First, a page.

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Utah Business

Evirokleen CEO Jorge Dennis weighs in on his company’s growth, especially during the pandemic.

His father was a janitor, now he owns one of the largest janitorial services in Utah

Envirokleen, LLC is a family-owned and operated janitorial services company in Salt Lake City specializing in an array of cleaning services. The business was started in 1989 by company president Jorge Dennis’ father. 

In its early days, Envirokleen was nothing more than a family project to put food on the table while Dennis’ father was out of work. Since then, the company has grown to serve local businesses, hospitals, and state agencies alike. 

Dennis’ family emigrated from Sonora, Mexico when he was two years old. As he grew older and his father started the cleaning side job, he and his sister would help out. “I used to go every night with my dad and my job was to empty trash,” Dennis says, recalling the early days working alongside his family. 

It was not Dennis’ plan to stay in the family business. After high school, he attended Brigham Young University as a Pre-Med student before leaving in 2000 to serve a mission in Spain for the Church of Jesus Christ of Latter-day Saints. While in Europe, he discovered medicine was no longer his passion and switched to business once he returned home. 

He attended the University of Utah where he studied for his MBA with an emphasis in international finance. While in school, the need arose for him to return to the family business and Dennis became president of Envirokleen in 2007. He finally earned his Master’s in 2011.

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Despite his position and title, Dennis hesitates to address himself as an executive. “Never once have I told people, ‘I’m the president of Envirokleen,’” he says. Instead, he refers to himself as a janitor―a word he admits he did not appreciate earlier in his career due to the social stigma behind the work. Nowadays, he fully embraces it. 

“Our people have realized how essential they really are,” he says. Envirokleen is able to invest back into their workforce thanks to low debt and overhead, keeping their turnover equally low. Dennis attributes the company’s success to its employees, particularly during the time of COVID-19.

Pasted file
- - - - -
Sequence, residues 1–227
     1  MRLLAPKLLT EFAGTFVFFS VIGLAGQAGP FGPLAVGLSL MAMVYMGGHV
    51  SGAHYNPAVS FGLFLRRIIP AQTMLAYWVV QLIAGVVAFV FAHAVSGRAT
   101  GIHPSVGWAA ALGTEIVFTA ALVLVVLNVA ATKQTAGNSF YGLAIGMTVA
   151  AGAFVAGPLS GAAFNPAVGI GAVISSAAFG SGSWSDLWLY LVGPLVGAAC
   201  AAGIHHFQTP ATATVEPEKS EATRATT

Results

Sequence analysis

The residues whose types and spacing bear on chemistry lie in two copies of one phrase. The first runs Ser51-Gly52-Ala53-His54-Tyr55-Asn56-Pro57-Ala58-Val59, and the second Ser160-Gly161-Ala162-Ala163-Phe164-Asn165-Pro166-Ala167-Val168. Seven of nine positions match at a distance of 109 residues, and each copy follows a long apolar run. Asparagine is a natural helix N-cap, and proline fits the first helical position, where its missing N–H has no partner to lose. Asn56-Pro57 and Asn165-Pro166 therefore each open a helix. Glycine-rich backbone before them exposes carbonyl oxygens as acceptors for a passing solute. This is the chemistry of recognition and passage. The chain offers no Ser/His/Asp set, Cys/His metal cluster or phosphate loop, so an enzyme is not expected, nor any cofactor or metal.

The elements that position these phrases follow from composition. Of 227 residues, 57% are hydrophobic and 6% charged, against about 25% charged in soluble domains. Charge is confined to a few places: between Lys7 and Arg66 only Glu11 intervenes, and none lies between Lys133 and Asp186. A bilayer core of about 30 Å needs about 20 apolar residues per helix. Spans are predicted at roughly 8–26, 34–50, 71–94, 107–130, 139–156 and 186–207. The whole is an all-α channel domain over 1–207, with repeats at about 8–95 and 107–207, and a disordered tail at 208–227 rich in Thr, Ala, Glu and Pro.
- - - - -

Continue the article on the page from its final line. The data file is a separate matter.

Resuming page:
As Utah moved from a red zone, some businesses slowly began reopening under strict regulations. The overall impact of COVID-19 caused business trends and projections for 2020 to derail with some companies filing for bankruptcy or closing permanently.

However, not all industries took a hit during the pandemic. Aside from the medical industry, janitorial and commercial cleaning services expanded in revenue and activity since lockdown began. Researchandmarkets.com released a report in April valuing the cleaning and maintenance industry in the United States at $117 billion. It went on to say “the cleaning and sanitizing of public buildings has taken on a new importance with the COVID-19 crisis.” 

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Dennis says Envirokleen also experienced dramatic changes in light of public response due to the pandemic. “Over the last few months, what we’ve seen, is that a lot of the other spaces―retail, office buildings, schools―have all increased their level of service to more of a medical-level,” he says. With businesses reopening, Envirokleen advises clients on the best products and methods to use for maximum sanitation in order to maintain that medical-level quality.

Dennis says that the company provides an array of other services as well, helping to keep Envirokleen competitive. He prides himself on having a business model that focuses on accentuating the value of service through competitive pricing and diversity of products. And according to Dennis, services like these build lasting partnerships.

It’s also what makes Hispanic-owned businesses like Envirokleen a model for entrepreneurship. Dennis credits a strong work ethic and family bonds for his success. “Sometimes [a business is] born out of pure necessity like it was in the case of my father,” Dennis says. “Because of his work ethic, because of his sweat equity and working 18-hour days for years, this was able to get off the ground.”